(Reuters) - Authorities in Memphis, a city steeped in civil rights history, removed two statues of Confederate leaders on Wednesday hours after the downtown parkland where they stood was sold to a private group.
Several U.S. cities have in recent months dismantled monuments to Confederate leaders, which have become focal points for a fraught national debate over race and politics.
The removal of the statutes of President Jefferson Davis and Nathan Bedford Forrest comes three months before Memphis marks the 50th anniversary of the assassination there of civil rights leader Martin Luther King Jr.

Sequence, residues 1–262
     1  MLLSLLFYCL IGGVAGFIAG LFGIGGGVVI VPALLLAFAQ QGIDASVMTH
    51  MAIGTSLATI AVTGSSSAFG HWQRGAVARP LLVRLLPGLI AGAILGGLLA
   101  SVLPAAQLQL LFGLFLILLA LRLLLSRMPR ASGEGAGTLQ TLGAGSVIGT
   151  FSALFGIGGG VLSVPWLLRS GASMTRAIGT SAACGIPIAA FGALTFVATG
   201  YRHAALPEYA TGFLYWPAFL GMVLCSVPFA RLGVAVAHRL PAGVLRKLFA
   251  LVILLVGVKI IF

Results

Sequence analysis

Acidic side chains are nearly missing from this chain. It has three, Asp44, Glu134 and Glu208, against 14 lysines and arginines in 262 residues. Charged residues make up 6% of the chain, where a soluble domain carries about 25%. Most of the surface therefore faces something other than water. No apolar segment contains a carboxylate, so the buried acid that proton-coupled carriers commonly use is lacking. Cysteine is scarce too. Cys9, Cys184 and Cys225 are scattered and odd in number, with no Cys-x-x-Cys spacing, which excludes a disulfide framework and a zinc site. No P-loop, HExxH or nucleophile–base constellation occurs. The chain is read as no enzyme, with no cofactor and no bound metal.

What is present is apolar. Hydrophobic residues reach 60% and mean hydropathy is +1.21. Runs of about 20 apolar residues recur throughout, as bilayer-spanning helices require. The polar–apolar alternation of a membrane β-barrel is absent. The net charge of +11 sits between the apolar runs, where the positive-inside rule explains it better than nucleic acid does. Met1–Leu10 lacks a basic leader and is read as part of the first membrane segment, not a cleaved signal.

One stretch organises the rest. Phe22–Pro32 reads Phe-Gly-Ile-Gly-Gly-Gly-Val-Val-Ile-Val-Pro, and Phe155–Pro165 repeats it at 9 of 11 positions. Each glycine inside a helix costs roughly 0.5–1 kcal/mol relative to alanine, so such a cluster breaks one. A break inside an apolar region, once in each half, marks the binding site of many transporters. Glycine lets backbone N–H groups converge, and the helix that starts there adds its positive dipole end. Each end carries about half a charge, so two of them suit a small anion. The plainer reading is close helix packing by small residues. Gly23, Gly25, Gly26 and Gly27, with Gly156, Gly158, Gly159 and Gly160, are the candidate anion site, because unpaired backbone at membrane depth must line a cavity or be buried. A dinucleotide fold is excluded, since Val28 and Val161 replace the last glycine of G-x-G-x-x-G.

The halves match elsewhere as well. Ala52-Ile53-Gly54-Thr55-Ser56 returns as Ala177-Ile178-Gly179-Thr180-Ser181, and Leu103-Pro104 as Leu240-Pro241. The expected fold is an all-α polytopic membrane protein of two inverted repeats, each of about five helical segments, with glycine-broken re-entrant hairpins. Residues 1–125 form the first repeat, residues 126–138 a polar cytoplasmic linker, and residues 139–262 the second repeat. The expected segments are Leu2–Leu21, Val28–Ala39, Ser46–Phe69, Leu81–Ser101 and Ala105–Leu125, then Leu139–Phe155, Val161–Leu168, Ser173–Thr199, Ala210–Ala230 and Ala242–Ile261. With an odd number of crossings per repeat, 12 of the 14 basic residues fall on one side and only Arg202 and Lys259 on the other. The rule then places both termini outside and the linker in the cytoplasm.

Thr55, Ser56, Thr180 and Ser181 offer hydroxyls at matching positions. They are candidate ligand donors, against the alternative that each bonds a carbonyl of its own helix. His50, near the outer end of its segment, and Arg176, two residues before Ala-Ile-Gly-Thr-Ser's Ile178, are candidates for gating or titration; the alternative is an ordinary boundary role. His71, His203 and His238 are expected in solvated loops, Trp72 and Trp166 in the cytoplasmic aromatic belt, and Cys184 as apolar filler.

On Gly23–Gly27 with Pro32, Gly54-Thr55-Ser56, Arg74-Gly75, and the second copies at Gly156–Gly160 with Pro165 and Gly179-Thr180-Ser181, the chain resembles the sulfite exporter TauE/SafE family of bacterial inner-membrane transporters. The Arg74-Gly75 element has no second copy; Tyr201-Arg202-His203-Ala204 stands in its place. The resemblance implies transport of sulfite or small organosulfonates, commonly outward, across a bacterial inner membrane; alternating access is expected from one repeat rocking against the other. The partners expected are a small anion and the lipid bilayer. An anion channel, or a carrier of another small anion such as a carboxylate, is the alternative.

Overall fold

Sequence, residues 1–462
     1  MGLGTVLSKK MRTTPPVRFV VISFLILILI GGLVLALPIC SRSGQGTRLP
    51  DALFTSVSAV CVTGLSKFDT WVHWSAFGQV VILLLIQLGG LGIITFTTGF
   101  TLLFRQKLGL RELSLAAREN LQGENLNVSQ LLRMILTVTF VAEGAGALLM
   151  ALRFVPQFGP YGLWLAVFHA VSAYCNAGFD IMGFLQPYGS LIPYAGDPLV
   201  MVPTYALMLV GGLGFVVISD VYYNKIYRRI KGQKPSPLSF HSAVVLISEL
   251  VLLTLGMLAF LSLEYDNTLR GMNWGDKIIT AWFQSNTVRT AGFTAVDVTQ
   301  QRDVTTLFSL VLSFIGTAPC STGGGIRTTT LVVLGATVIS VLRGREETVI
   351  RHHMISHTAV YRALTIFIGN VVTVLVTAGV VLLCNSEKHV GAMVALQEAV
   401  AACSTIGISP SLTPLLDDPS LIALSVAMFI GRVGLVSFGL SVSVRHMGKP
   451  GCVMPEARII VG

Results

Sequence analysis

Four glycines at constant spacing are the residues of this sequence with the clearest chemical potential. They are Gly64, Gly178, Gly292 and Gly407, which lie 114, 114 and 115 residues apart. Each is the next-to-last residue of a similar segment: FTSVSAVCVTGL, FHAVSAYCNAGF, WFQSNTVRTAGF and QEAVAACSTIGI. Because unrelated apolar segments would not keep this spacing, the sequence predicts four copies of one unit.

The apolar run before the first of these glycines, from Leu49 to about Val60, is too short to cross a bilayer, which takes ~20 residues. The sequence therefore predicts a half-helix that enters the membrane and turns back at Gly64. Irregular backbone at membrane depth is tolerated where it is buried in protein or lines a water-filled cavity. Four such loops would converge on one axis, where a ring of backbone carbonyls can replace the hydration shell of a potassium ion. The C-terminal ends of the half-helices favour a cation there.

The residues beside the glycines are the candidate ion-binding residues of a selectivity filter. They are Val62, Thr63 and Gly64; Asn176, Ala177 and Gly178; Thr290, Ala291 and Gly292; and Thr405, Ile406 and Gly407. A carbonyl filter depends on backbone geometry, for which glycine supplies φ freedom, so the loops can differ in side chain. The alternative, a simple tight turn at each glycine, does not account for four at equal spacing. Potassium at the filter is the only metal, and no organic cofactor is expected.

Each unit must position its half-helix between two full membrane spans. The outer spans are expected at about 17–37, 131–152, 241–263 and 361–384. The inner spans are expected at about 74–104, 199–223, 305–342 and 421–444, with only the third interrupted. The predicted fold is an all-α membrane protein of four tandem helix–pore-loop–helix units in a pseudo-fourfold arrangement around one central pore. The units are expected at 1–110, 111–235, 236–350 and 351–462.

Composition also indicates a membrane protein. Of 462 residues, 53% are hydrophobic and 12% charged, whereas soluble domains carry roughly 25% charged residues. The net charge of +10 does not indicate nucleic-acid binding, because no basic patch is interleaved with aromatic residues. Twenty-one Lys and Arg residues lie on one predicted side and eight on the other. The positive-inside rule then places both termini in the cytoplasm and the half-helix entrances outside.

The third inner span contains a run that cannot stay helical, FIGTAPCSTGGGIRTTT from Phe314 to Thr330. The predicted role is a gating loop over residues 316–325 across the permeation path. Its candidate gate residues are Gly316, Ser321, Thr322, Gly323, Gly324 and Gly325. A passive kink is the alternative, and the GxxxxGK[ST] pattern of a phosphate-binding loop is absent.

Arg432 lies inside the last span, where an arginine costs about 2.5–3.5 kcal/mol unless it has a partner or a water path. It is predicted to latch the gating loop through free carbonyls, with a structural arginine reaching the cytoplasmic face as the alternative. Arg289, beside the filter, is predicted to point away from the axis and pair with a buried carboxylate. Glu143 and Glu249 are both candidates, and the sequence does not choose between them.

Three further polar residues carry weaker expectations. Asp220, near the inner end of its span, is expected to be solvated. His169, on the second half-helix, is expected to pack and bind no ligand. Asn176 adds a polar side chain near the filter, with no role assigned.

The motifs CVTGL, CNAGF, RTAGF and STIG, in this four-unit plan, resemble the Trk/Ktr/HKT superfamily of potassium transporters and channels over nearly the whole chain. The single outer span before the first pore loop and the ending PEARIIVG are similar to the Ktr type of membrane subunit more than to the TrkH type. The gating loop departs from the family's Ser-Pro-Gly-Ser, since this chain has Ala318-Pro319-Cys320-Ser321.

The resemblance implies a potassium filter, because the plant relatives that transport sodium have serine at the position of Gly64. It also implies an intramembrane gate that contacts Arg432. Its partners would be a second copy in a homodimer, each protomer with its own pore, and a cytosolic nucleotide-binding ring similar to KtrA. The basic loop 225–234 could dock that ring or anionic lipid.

Confederate General Forrest was a slave trader and a Ku Klux Klan leader.
Many Americans see such statues as symbols of racism and glorifications of the southern states’ defence of slavery in the Civil War, but others view them as important symbols of American history.
“The statues no longer represent who we are as a modern, diverse city with momentum,” Memphis Mayor Jim Strickland said in a statement.
Earlier in the evening, the city council in Memphis voted unanimously to sell the land where the statues stood to a nonprofit organisation called the Memphis Greenspace for $2,000 in order for the monuments to be removed, the Commercial Appeal newspaper reported.
“This is a fix, and a scam, and if the state has one hair on its ass then people will be charged with felonies,” the Sons of Confederate Veterans said in a post on Facebook opposing the sale of the land.
Reporting by Brendan O'Brien in Milwaukee; editing by John Stonestreet